Bad breath kills intimacy. This is how to sort it out
What you need to know:
Halitosis commonly happens when certain types of bacteria have colonised the back of the tongue
Winnie and Fred were on the verge of separating after seven years of marriage. Winnie had actually made up her mind to leave but on second thought came to the Sexology Clinic to seek advice.
“You know how hard it is to arrive at these decisions,” she explained looking distant and staring at the horizon, “I’m not sure what will happen to my children, I wonder how my parents will react, it is difficult.”
Winnie has three children, with the youngest being two. She is a high school teacher. Fred is a businessman running a fleet of lorries that transports agricultural goods from rural areas to the city. Their marriage has been facing serious difficulties and they have not been sexually intimate for eight months.
“Well, you are in a sexless relationship,” I explain, “when you have sex less than 15 times in a year then the marriage is defined as sexless.”
There was silence. Winnie looks down, her eyes fixed on her feet. She then lifts her head and looks at me. There are tears welling up in her eyes.
“I do not want to do this, I do not want a divorce, I wish there was a better option, please help me,” she says, tears rolling down her cheeks. Her distress is obvious.
Winnie’s problem is that her husband has bad breath. It had increasingly become intolerable. She could no longer talk to him in close proximity. She could not kiss him. When in bed she requested him to face away from her.
While dating, Winnie always gave him mint to chew. She advised him to brush after meals. She would buy him potent toothpaste.
“I avoided telling him directly about the bad breath because I knew it would kill his ego, I hoped that my actions would make him realise his problem,” Winnie explains.
After marriage, it became more and more difficult for Winnie to control Fred. The mouth odour got intense by the day. In her frustration, she diverted her attention to her children.
“I have reached my limit, I cannot move close to him, we are not intimate at all,” she says.
But Fred continued to demand sex. Sometimes he forced her into it. He was in fact beginning to turn violent whenever Winnie pushed him away. It was for this reason that Winnie thought it was safer to separate. She told him that she wanted a divorce. His reply was that they were as good as divorced already and she could proceed with her plans. That reply was a wake-up call. It made her realise how much they had drifted apart. She had to take immediate action to remedy the situation or leave altogether.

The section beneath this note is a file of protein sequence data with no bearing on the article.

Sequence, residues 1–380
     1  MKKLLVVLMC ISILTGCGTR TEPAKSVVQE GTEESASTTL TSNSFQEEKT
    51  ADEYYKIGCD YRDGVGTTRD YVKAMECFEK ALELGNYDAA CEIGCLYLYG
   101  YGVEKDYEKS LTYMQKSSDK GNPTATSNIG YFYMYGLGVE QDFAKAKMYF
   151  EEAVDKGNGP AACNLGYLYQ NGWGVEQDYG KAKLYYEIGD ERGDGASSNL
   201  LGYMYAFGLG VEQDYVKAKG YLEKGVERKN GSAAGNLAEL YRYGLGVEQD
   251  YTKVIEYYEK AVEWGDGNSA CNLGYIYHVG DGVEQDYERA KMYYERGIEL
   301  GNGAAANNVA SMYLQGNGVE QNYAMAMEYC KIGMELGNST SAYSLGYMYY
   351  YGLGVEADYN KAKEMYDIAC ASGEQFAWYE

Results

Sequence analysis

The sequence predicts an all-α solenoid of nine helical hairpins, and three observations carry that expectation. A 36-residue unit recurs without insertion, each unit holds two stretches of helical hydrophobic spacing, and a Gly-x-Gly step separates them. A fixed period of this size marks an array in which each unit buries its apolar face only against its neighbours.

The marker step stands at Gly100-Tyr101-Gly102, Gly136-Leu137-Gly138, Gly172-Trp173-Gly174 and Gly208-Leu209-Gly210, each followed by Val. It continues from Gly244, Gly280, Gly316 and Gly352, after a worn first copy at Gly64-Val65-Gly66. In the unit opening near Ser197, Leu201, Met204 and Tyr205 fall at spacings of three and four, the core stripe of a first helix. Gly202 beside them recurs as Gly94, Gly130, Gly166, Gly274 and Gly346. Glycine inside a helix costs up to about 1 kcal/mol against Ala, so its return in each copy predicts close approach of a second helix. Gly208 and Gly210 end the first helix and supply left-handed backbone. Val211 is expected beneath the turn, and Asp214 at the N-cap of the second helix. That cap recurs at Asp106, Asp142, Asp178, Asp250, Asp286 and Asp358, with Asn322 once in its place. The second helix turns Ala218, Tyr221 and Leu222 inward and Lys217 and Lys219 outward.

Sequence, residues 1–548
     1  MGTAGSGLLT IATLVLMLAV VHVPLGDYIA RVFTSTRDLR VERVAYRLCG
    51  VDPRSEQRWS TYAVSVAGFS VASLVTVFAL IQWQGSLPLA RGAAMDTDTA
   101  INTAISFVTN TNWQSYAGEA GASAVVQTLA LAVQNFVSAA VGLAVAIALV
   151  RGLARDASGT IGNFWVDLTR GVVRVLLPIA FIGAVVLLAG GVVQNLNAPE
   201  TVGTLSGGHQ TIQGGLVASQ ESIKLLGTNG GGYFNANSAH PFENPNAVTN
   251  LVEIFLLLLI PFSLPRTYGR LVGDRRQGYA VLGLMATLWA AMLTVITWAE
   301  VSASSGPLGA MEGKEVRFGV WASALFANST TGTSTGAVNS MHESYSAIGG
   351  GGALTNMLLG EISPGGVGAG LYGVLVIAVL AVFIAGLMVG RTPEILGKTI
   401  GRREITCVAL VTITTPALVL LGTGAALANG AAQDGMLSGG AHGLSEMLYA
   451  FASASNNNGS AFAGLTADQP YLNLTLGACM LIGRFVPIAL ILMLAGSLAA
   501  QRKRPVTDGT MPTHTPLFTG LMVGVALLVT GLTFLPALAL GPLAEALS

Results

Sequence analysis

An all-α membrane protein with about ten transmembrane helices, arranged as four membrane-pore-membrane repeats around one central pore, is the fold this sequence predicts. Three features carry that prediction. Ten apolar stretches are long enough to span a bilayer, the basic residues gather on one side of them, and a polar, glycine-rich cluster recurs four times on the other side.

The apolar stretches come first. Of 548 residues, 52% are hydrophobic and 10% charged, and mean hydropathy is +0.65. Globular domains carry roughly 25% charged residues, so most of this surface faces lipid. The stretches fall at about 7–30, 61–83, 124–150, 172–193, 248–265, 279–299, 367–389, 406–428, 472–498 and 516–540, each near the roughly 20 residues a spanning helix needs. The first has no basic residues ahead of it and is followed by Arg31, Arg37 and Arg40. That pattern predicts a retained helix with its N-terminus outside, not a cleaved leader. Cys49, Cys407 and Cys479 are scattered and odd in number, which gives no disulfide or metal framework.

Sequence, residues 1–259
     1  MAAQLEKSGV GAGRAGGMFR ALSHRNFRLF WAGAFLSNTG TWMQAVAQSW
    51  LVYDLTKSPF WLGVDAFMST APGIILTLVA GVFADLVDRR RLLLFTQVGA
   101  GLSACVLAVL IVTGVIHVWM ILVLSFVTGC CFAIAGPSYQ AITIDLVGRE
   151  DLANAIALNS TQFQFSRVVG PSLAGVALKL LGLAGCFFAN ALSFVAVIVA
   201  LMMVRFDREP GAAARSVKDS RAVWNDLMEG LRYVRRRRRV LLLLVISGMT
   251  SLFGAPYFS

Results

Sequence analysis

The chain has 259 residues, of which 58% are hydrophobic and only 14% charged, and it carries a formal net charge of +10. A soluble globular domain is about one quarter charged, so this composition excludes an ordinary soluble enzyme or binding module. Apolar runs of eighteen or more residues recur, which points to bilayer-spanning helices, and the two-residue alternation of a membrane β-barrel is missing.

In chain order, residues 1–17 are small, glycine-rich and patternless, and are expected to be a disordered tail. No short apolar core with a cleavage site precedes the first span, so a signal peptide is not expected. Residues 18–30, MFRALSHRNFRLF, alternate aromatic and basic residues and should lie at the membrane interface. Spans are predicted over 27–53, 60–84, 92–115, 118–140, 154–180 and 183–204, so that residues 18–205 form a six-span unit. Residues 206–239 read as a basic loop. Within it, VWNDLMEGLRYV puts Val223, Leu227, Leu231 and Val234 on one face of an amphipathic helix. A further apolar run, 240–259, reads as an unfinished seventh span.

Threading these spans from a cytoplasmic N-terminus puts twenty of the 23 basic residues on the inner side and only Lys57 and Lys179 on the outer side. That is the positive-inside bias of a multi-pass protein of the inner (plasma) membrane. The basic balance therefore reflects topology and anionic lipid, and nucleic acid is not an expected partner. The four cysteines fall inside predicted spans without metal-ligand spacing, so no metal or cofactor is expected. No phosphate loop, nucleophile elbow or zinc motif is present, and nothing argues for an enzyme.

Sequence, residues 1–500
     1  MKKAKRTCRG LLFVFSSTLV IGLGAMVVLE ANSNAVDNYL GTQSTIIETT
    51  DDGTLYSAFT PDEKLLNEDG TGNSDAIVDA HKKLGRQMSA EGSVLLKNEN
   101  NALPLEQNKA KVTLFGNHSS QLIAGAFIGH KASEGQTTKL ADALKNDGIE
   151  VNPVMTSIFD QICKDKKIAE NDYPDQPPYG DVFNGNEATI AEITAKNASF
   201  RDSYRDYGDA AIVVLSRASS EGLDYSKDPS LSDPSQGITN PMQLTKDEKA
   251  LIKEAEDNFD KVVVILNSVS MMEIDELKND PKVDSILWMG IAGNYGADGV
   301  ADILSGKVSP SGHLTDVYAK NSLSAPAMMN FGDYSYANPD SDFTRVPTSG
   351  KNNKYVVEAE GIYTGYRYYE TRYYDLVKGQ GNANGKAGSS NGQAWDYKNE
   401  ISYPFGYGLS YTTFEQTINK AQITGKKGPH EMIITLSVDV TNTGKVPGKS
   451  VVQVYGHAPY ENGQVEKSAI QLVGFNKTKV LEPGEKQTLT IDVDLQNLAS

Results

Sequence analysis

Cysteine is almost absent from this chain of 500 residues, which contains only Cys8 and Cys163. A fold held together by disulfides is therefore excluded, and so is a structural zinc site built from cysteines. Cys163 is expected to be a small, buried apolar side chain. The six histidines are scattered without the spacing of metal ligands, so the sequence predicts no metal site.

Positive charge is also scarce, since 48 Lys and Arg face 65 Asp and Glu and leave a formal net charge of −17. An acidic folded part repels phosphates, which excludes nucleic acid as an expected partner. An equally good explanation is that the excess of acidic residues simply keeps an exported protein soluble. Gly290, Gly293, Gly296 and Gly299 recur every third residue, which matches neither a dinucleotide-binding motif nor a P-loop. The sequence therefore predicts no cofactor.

Bad breath, I explain to Winnie, is a common problem and an intimacy breaker. It is also called halitosis. Telling your partner that his or her breath is terrible can land you in trouble. It can make them lose self-confidence. Yet keeping quiet about it does not help either and can endanger the sustainability of the relationship.
“But what causes it? Can it not be cured?” Winnie asks.
Halitosis commonly happens when certain types of bacteria have colonised the back of the tongue. They may also spread to the gums. The bacteria break down proteins releasing bad-smelling chemicals. Treatment involves eliminating the bacteria and maintaining good oral hygiene to prevent recurrence.
Foods such as garlic, onions, coffee and some types of fish leave the mouth with an unpleasant smell for many hours. They can worsen halitosis. The situation is made worse by smoking and alcohol.
A number of other diseases affecting the teeth, gums, nose, sinuses, lungs and digestive system can bring about halitosis. In rare cases, halitosis can be the result of diseases of the liver, kidneys and diabetes among others.
It is therefore very important that a full medical examination is done to identify the cause and have targeted treatment. As such, I advised Winnie to bring her husband to the clinic the next day for a full assessment.
Fred, was in the clinic the next morning. He did not seem surprised when I informed him that his marriage was on the rocks due to halitosis. Incidentally, his peers had stigmatised and called him names when he was in high school because of his bad breath.
“Just do what is possible to cure this problem doctor,” he said, “a lot is at stake.”
After a full medical examination, the cause of his halitosis was found to be the common one – bacteria in the tongue and gums. Treatment yielded good results though with frequent recurrence.
The couple had to undergo sex and intimacy coaching as well to recreate their lost sex life. It was close to three months before they could be intimate again.